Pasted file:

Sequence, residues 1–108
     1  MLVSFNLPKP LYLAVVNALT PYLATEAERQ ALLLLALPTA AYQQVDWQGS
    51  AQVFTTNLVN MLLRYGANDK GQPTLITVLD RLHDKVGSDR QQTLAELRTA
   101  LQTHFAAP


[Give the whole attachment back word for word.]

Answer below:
Sequence, residues 1–108
     1  MLVSFNLPKP LYLAVVNALT PYLATEAERQ ALLLLALPTA AYQQVDWQGS
    51  AQVFTTNLVN MLLRYGANDK GQPTLITVLD RLHDKVGSDR QQTLAELRTA
   101  LQTHFAAP